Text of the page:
- The course we adopt today has two auction phases, with the second installment of mobility support dependent upon further Commission decision-making. Understanding the need for maximum predictability throughout these transitions, we will halt reductions in legacy support if for some unlikely and unanticipated reason the second auction phase does not take place as planned.
- My enthusiasm here is tempered by the fact that end-user charges (under the label of “Access Recovery Charges”) are allowed to increase, albeit incrementally, for residential consumers.
- While I understand the need for predictability in an ICC regime, I am pleased that my colleagues have retained a key role for states, including arbitrating interconnection agreements; monitoring intrastate access tariffs during the transition to bill-and-keep; and helping to implement our Universal Service Fund as well as, in many cases, their own state universal service funds.
- There is inherent inequity in a system that funds the deployment of broadband off of assessments on interstate telephony. Once we ensure that double, triple and quadruple play services that benefit from Universal Service bear their fair share, we will not be subject to the unnecessary financial constraints that our current approach imposes. We also need
- spectrum management decisions that avoid putting still more spectrum in too few hands. Among other good results, that would drive better mobility auctions.
- Also, today we are only addressing the high cost program of the distribution side of the Universal Service Fund. We are not addressing the entire Universal Service Fund, which currently distributes over $8 billion per year. To put that figure in context, USF is larger than the annual revenues of Major League Baseball. In separate proceedings, we will also reform the other USF spending programs. I cannot stress enough that all of the fiscal efficiencies that we will realize in the wake of today’s reforms will be lost if similar fiscal discipline is not applied to all Universal Service programs as well.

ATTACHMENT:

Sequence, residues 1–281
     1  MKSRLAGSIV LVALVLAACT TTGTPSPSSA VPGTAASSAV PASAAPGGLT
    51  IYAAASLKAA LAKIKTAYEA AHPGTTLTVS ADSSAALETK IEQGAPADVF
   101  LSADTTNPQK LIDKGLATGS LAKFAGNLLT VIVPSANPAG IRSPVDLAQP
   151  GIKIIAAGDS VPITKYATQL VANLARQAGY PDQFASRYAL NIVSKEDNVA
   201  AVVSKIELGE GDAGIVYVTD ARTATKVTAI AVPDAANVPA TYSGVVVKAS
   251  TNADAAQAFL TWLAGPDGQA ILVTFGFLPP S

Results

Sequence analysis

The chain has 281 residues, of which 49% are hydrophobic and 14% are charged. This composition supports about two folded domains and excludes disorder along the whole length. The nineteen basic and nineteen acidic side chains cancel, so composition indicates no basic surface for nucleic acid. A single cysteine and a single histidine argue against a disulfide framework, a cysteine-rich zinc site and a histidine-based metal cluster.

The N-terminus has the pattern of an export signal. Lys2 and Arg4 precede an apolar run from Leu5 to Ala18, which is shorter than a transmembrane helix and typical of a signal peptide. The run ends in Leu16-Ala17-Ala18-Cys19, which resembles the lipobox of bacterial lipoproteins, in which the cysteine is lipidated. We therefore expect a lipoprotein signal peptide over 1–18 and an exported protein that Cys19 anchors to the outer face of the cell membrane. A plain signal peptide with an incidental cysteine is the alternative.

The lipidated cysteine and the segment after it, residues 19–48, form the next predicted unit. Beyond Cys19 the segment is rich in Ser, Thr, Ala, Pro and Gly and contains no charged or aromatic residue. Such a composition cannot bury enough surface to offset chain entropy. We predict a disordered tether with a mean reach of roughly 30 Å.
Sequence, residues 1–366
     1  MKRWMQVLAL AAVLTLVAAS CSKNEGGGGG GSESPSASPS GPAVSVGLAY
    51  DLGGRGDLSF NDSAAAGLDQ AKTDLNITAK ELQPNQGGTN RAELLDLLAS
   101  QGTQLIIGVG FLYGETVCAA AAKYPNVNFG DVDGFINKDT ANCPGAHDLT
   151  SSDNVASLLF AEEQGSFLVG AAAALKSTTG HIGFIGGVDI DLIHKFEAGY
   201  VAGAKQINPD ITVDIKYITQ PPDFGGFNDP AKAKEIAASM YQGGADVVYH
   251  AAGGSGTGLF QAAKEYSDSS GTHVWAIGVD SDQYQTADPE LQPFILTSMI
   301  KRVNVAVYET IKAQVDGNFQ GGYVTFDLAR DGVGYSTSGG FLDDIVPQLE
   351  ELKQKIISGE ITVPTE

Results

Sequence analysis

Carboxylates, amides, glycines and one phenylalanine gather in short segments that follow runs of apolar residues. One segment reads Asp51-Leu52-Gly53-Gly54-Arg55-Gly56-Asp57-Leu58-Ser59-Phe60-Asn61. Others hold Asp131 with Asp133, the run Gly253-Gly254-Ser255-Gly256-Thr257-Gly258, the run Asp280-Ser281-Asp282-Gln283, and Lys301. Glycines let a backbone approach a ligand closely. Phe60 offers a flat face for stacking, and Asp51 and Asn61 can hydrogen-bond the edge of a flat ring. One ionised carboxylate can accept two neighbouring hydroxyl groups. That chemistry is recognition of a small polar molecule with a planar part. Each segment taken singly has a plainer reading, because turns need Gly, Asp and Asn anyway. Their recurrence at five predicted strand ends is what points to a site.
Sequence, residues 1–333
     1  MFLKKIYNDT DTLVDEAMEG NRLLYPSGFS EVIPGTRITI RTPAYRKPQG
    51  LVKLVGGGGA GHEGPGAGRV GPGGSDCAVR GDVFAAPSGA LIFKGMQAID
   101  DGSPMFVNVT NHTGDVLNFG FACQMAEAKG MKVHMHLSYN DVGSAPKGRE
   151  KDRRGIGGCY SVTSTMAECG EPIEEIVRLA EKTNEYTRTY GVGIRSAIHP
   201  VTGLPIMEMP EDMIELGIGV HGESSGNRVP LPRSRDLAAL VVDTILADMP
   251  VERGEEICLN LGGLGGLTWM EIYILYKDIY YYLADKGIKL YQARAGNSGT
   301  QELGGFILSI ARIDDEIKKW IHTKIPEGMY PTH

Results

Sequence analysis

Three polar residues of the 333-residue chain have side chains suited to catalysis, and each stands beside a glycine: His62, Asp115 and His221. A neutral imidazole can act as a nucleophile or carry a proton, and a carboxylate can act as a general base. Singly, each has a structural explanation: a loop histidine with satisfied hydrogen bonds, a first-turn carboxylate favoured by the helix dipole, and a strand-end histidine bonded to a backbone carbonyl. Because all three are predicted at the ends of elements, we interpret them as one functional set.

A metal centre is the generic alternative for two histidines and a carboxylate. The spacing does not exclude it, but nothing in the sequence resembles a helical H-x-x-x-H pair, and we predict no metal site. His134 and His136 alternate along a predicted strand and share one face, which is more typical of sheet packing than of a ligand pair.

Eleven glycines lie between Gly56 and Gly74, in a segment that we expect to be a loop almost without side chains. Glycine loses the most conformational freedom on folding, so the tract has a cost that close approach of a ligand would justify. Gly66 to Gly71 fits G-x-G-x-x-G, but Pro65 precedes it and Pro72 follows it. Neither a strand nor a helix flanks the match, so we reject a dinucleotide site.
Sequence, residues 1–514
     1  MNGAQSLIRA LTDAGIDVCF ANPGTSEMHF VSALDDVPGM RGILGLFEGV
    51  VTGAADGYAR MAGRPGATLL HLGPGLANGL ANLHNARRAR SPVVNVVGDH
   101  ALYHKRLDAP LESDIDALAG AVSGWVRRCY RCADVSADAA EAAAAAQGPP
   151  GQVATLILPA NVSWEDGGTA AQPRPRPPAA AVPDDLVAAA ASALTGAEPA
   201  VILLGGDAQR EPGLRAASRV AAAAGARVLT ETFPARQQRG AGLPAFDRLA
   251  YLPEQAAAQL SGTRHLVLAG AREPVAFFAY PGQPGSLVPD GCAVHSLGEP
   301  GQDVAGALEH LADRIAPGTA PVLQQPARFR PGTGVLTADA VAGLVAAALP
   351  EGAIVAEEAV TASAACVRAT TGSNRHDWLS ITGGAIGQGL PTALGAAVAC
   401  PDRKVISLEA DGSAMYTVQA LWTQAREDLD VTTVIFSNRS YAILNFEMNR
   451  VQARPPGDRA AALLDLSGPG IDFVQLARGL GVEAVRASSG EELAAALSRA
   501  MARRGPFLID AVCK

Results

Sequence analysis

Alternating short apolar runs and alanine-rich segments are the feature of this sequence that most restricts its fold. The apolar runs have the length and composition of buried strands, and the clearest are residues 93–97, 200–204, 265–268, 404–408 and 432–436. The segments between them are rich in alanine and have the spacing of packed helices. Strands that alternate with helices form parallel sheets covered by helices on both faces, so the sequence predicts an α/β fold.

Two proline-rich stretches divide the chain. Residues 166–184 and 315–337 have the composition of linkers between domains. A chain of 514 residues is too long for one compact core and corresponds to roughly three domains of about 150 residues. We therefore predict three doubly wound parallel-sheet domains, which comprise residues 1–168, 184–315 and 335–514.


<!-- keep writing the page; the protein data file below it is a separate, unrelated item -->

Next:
- It is no secret that for years I have been pushing for contribution reform to be carried out at the same time as distribution reform. Obviously, that is not happening today; therefore we must act quickly. The contribution factor, a type of tax paid by consumers, has risen each year from approximately 5.5 percent in 1998 to an estimated 15.3 percent in the fourth quarter of this year. This trend is unacceptable.